But given all the heat -- and the tens of thousands of dollars in legal fees -- that the case produced, Novak said, "I probably should have ignored what Armitage told me about Mrs. Wilson." Denying that he had enjoyed the notoriety, Novak said: "Those three little sentences resulted in a series of negative consequences for me. They eventually undermined my 25-year relationship with CNN," on which he co-hosted "Crossfire" and appeared on "The Capital Gang," "and kept me off NBC's 'Meet the Press' for two years. I had to pay substantial legal fees. I came under constant abuse from journalistic ethics critics, from some colleagues and especially from bloggers."
Robert David Sanders Novak was born Feb. 26, 1931, in Joliet, Ill. At the University of Illinois he skipped classes his senior year, expecting to pass enough exams to win a degree. But the university decreed that he had fallen one hour short in his course work. Years later, after he had become a public figure, university officials conferred a degree in 1983, finding an excuse in his physical education course work.
Hooking up with Associated Press in Nebraska and Indiana after college, Novak covered sports, then news. Taking assignments more senior reporters disdained -- "It took more elbow grease and chicanery than cerebral brilliance," he said -- Novak gained notice. When Associated Press in Washington needed a replacement on its Midwest desk, he got the call.
That was in 1957. Soon came a gig at the Wall Street Journal. And then, in 1962, the partnership with Evans, a fellow journalist who was as patrician as Novak was hardscrabble, as much a part of the Washington establishment as Novak was not. Evans, then 41, played the gentleman reporter; Novak, 32, the scruffy rookie. They eventually won syndication in many major newspapers and prominence as a good source of information on the cable television talk shows just beginning to turn political discourse into shouting matches.
They began with CNN when the network launched in 1980, hosting "Evans and Novak." Derided by liberal critics as "Errors and No Facts," Evans and Novak were actually more reporters than commentators and had their share of scoops.
In their first column in 1963, they predicted that Barry Goldwater, then considered a long shot, would win the Republican nomination the next year. In 1972, they quoted an anonymous Democratic senator as saying that George McGovern's presidential campaign was doomed because the candidate favored "amnesty, abortion and legalization of pot."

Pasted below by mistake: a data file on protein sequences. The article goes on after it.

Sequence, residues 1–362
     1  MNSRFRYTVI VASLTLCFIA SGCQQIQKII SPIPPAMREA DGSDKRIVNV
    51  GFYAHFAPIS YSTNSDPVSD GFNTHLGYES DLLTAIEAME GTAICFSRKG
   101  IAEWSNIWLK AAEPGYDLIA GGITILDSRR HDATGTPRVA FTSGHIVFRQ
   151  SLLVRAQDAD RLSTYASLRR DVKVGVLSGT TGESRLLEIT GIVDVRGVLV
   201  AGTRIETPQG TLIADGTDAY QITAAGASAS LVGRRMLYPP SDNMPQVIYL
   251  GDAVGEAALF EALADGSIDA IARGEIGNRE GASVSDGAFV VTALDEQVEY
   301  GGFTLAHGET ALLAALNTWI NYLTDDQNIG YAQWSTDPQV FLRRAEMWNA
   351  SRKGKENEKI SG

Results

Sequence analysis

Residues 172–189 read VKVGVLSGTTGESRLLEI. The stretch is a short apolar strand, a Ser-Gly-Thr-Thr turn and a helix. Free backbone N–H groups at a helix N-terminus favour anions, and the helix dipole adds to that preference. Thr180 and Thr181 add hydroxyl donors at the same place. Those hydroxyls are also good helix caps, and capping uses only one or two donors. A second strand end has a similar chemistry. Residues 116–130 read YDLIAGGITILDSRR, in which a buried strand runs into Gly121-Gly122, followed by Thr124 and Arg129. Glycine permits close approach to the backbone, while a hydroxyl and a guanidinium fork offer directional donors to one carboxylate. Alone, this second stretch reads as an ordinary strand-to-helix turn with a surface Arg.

They were the first to report that President Nixon had chosen Rep. Melvin Laird of Wisconsin as secretary of Defense. Novak reported from battlefronts in Vietnam and Nicaragua, and was given sit-down interviews with world leaders such as China's Deng Xiaoping.
He got his nickname "Prince of Darkness" from friend and fellow journalist John Lindsay of the Washington Post and Newsday, who was struck by Novak's pessimistic view of the future of Western civilization.
Novak once described his journalistic philosophy this way: "To tell the world things people do not want me to reveal, to advocate limited government, economic freedom and a strong, prudent America -- and to have fun doing it."
After Evans retired in 1993, Novak continued the column and was a regular on several CNN shows. He kept the column going online even after he officially retired in the summer of 2008, shortly after his diagnosis.
Evans died in 2001.
Besides his wife of 47 years, Novak is survived by their son, Alexander, and daughter, Zelda Caldwell, and eight grandchildren.
In an interview in 2007, Novak predicted with regret the first line in his obituary, lamenting to PBS’ Charlie Rose that his Plame column was "a very minor story compared to some of the big stories that I have had. But . . . that's going to be in the lead of my obituary, and I can't help it."
Neuman is a former Times staff writer who contributes to the Top of the Ticket blog.Copyright © 2014, Los Angeles Times